In general, employees who resign are not eligible to collect unemployment insurance benefits. In North Carolina as with most states, the unemployment compensation law contains an exception for workers who resign for “a good cause attributable to the employer.” Last month, the North Carolina Supreme Court concluded that an employee who quit due to his medical restrictions did not do so for reasons attributable to the employer.
In In re Lennane, the claimant was a service technician for a home security and alarm company. His job included installation as well as customer service calls. He injured his knee on the job, and was subsequently advised by his doctor to avoid climbing and crawling that were part of his job duties. In response, the claimant advised his employer of the medical advice, and asked to have his job duties modified to eliminate these activities. The employer declined this request, but offered him a transfer to another more sedentary position in another city. The claimant declined this offer, subsequently resigned, and filed for unemployment benefits.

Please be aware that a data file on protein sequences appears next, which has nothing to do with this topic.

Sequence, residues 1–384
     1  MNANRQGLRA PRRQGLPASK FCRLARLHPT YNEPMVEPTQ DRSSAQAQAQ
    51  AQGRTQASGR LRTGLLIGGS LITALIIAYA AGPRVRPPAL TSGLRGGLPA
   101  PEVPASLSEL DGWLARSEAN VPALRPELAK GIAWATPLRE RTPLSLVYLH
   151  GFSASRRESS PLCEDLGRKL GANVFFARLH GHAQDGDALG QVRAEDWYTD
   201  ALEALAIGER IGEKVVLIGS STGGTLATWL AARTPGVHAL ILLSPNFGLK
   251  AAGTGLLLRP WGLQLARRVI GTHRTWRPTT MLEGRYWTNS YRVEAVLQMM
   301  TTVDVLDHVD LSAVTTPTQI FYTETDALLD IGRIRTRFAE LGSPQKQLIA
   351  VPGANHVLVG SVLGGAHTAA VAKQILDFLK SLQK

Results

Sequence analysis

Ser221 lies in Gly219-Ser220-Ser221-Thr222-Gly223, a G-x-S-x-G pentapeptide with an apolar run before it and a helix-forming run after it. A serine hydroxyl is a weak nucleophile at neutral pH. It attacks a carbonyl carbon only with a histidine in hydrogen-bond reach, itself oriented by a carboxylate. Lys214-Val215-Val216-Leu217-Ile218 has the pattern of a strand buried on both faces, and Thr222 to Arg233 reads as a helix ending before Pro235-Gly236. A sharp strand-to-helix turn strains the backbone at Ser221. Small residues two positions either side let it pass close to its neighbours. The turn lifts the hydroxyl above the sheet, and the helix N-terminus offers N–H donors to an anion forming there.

This request was denied by the Employment Security Commission, and the claimant eventually appealed this determination to the state Supreme Court. The court affirmed denial of the benefits, concluding that he did not resign for good reason attributable to the employer. The court acknowledged that the employer had modified the service technician job description the previous year to add more physically demanding activities, but noted that this change was independent of the claimant’s medical situation. The employer attempted to address his concerns by offering a transfer. The employer’s failure to agree to the specific accommodation requested by the plaintiff did not create good reason for him to resign.
This decision may impact a number of pending unemployment benefit claims relating to employees who resigned for medical reasons related to potential COVID-19 exposure. In the absence of specific evidence relating to an employer’s refusal to work with an employee with medical restrictions, the fact that those restrictions do not allow the employee to continue working will not make him or her eligible for unemployment benefits.